556.2 (up 4%; down 2.9%
the week prior)
Purchase Money Loans
291.3 (up 13%; up 7.4%
the week prior)
2117.3 (down 2.1%; down 8.8%
the week prior)
Jobless Claims 5/1
444,000 – prior week 448,000 – continuing claims at 4.594 m
Employment Report April
290,000 new payroll jobs – unemployment rate up to 9.9%
Productivity first quarter 2010
Up an annualized 3.6% – unit labor costs down 1.6%
Consumer Credit March
Up 2% – revolving down 3.2%
What exactly happened last week? The Dow Jones Industrial Average (DJIA) suddenly plunged by more than 1,000 points at about 2:45 P.M. before regaining a bit more than 500 points later that afternoon, and we’re still reading headline articles in The Wall Street Journal speculating on what could have caused this odd performance.
The main culprits so far identified—albeit tentatively—have been automatic selling programs in the stock markets and hedge funds betting on further declines a few moments after the plunge began, deepening it. Many analysts also identified a huge sale of Procter and Gamble shares as a proximate cause—not exactly a news-making stock.
True, the DJIA, as these words are written, has climbed back to the 10,800 level, 10-year Treasuries are happily ensconced at the 3.55% level, and the euro is holding at about $1.28. The rout, it seems, has ended, though the recovery from the Thursday-Friday plunge is incomplete.
It appears that investors all over the world are digesting the details of the agreement among European Union countries reached last weekend to make about $995+ billion in loan guarantees available to bail out euro countries on the edge of default. Greece is first in line, of course, but this package was also designed to calm fears that Portugal, Spain and even Italy might find themselves in still deeper trouble.
This is difficult stuff. It requires Greece to sign on to very strict austerity measures that many Greeks have respond to recently with violent street demonstrations. It means Germany must somehow sign on to the bailout while the population is generally against the move and elections need to be won. (West Germans, remembering how much it cost to bring East Germany back to viability after the communist regime fell, are not at all excited about paying for more bailouts.)
But there are two big issues that need somehow to be dealt with. First, the bailout will indeed keep Greece from defaulting and/or leaving the euro behind. It may even, for the moment, allow a semblance of stability in Europe. But these are astoundingly huge bills and the piper must eventually be paid. How? Does the bailout help the weakened countries regain their economic feet? If so, no one sees how yet—other than the possibility of good economic luck.
The uncertainties in this market are very difficult. We watch with concern—even as the real estate market and broader economy continue to show signs of sustainable recovery.
MARCH 31, 2010
MORTGAGE NEWS FOR INCLINE VILLAGE
How can we help but be confused? We reach the point where we understand that our stock indices will rise if the dollar’s exchange rate rises and, further, Treasury security yields will decline if foreign investment in the dollar increases. In fact, these rules of the road begin to make logical sense to us.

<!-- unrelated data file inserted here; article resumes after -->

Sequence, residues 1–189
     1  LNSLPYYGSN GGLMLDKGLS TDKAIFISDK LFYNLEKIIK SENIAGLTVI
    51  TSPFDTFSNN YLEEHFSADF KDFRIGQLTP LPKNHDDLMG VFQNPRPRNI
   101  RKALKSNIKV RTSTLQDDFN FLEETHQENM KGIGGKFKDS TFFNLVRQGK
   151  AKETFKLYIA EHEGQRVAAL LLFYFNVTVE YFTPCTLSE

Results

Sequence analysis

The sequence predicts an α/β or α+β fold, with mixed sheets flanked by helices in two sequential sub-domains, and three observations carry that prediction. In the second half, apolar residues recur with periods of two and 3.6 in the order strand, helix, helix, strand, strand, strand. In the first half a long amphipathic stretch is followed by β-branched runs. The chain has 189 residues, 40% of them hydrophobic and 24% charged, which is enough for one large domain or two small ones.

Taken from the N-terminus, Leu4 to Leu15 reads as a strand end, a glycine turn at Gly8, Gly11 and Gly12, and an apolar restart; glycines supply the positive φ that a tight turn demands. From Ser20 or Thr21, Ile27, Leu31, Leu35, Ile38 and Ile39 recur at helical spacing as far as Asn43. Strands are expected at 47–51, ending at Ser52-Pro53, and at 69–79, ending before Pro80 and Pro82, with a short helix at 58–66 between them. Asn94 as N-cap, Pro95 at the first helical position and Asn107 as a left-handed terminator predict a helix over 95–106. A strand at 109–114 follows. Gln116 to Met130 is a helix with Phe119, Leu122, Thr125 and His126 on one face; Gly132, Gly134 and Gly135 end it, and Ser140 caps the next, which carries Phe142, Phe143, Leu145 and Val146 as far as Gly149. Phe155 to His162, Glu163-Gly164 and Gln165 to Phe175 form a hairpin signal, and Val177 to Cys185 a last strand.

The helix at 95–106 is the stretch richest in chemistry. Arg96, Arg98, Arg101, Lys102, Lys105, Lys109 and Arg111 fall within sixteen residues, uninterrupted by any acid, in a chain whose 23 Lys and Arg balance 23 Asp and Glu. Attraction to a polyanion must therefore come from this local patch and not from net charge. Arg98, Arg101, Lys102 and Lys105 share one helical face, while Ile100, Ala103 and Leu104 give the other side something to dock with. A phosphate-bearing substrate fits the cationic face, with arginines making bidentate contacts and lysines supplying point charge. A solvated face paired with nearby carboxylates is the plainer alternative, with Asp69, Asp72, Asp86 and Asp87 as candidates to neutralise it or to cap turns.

Then we have a week like last week. It appeared that the rules were broken by all the global investors whose confidence in the debt securities of sovereign nations was beginning to fade. Greece is forced to pay a 6.5% yield on the money it borrows from investors, so it is an obvious example of a country whose debt has lost favor in the eyes of investors. Portugal, the security of whose debt was recently downgraded by Fitch Ratings, has also found it necessary to pay a premium to investors in its debt. And the weakness abroad has, until recently, bolstered the strength of the dollar by way of contrast.
Last week, though, we watched in wonderment as the dollar gained strength against the euro—but Treasury securities, where foreign money tends to go when it seeks a safe haven, weren’t as popular as they have been in the recent past. Indeed, the auctions of 2-year, 5-year and 7-year Treasury notes were all rather weak, with far fewer bidders driving down yields. So yields rose instead and, especially at the longer-term end of Treasury securities, rates rose rather significantly. The 10-year note ended the week at 3.852%, for example.
It is possible—though the jury is still out—that global investors will be hesitant to rush into Treasury securities in the near term when a worry infects the markets. And that would mean still higher interest rates.
Though the markets have settled into an easier pace now, we do have a few important tests ahead. One is the employment report for February which will be released on Friday. If it is good, especially if it is surprisingly good, the markets will all but forget the confusion of last week (for a time, at least). If it is bad, if we don’t see gains in the number of employed Americans, it could conceivably produce another day of rising rates.
Next week, then, we face another set of Treasury security auctions, this time to include 10-year notes and 30-year bonds. The big question on most minds will be whether the demand for these longer-term securities will hold up. Based on this last week, we could see demand